CNN Gift Propels Environmental Media Initiative

A $500,000 CNN gift will help achieve the goal of creating a Ted Turner Professor of Environmental Media at SMPA and support GW’s focus on sustainability.

May 2, 2021

Sesno & Turner

CNN founder Ted Turner (right) with SMPA Director of Strategic Initiatives Frank Sesno

In revolutionizing television news, Cable News Network (CNN) founder Ted Turner earned a reputation as a pioneer in global media and journalism. And as a philanthropist, he focused the world’s attention on environmental threats like climate change.

“Ted brought an audacious entrepreneurial spirit to storytelling and global communication,” said Frank Sesno, director of strategic initiatives for the George Washington University School of Media and Public Affairs (SMPA). Mr. Sesno spent more than two decades working at CNN as a White House correspondent, anchor and Washington bureau chief.

Now, Mr. Sesno, SMPA and others are honoring Mr. Turner’s legacy through the Ted Turner Endowed Fund. The group has set a $6 million goal for a multi-faceted initiative to honor Mr. Turner’s legacy by establishing a GW professorship in his name and supporting events and activities around environmental journalism. Spurred by this $500,000 gift from CNN, the fund also will support activities that reflect Mr. Turner’s passion for environmental activism, such as a major annual event jointly hosted by SMPA and CNN focused on creative storytelling about the challenges confronting the planet.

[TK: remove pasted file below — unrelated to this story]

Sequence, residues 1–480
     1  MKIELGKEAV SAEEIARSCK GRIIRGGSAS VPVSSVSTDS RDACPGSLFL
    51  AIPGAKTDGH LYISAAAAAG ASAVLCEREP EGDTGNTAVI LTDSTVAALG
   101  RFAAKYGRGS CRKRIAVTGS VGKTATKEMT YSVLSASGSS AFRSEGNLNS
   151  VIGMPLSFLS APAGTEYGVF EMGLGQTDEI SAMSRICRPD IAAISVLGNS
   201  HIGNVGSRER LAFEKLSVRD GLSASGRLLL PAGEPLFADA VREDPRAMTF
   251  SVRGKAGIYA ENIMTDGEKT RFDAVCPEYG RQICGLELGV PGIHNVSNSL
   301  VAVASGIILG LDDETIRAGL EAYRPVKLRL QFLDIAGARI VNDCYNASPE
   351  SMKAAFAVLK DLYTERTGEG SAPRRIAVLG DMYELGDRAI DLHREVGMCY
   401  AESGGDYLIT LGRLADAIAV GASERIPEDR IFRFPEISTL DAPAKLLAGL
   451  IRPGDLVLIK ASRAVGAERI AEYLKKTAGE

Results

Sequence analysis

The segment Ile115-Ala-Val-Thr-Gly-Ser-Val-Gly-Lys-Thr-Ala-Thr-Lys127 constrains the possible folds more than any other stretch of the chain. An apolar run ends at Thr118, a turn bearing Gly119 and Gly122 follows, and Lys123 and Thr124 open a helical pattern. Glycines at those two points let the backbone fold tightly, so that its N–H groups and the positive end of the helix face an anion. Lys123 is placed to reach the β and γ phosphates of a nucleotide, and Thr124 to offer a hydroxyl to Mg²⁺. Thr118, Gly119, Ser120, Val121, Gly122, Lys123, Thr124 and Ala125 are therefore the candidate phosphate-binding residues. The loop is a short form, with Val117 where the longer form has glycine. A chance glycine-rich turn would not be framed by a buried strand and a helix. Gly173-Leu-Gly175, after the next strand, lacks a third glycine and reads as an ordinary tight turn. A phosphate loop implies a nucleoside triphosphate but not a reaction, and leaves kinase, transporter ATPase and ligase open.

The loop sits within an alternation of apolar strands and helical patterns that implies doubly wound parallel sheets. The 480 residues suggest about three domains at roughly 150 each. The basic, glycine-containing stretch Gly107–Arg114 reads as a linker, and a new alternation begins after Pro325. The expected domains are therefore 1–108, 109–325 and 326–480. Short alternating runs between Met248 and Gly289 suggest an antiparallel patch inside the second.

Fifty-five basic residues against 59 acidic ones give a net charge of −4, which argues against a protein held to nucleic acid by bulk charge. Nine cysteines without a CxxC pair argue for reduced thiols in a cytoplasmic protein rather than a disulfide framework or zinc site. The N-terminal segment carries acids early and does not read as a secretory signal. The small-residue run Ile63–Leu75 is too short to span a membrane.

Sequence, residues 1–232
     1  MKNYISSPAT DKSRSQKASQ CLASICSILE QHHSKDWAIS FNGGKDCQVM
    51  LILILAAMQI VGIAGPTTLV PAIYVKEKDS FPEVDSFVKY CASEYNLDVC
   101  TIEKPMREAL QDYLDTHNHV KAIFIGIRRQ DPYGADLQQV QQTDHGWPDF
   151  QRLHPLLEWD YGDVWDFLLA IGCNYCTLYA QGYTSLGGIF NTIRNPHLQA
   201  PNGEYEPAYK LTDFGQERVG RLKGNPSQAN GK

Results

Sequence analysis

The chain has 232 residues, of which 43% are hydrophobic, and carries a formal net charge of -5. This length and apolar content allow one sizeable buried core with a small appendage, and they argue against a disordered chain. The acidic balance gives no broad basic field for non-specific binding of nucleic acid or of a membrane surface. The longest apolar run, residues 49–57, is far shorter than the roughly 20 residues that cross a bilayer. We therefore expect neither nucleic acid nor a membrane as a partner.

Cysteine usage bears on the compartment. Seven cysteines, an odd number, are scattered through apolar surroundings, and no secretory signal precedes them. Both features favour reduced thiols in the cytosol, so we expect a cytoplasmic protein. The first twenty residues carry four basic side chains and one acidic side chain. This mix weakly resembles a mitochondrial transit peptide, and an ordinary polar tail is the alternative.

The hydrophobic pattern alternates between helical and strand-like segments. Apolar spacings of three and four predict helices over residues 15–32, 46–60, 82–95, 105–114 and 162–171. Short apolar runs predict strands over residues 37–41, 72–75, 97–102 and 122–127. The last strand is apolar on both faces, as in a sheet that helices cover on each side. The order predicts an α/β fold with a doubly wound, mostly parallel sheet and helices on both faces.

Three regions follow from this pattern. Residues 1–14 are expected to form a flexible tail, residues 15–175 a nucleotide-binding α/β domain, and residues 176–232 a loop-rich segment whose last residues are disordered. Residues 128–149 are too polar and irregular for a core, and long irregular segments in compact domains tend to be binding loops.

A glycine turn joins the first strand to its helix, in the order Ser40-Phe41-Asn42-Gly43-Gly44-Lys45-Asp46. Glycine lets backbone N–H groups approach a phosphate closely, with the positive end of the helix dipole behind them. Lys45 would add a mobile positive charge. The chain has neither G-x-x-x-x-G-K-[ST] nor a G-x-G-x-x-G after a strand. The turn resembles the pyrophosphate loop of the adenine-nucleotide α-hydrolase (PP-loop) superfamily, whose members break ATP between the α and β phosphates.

“There could be no better way to honor Ted than by teaching and inspiring young people,” Mr. Sesno said. “This initiative will increase public understanding of environmental issues, create a permanent public presence highlighting Ted’s legacy, invest in journalism and benefit students for generations to come.”

To date, the fund has raised $2.5 million from more than 200 donors, including friends and colleagues of Mr. Turner such as WarnerMedia News & Sports Chair and CNN President Jeff Zucker; SMPA National Council members Char Beales, B.A. ’73; former Turner Broadcasting CEO Phil Kent; CNN Chief Political Correspondent Dana Bash, B.A. ’93; and Senior Vice President and Washington Bureau Chief Sam Feist. Other donors include high-profile journalists and media professionals such as Christiane Amanpour; Wolf Blitzer, Hon. Doctor of Humane Letters ’07; and Sanjay Gupta.

“The Ted Turner Endowed Fund is a textbook example of powerful positive change that is possible when private philanthropy partners with our renowned thought leaders,” said Donna Arbide, GW’s vice president of development and alumni relations. “This will accelerate and amplify the impact of the critically important work of our dedicated SMPA faculty, who are literally working with students to save our planet.”

In an interview with GW Today, Mr. Sesno and SMPA Director Silvio Waisbord discussed the origin of the fund and its impact on SMPA, GW students and the future of environmental journalism.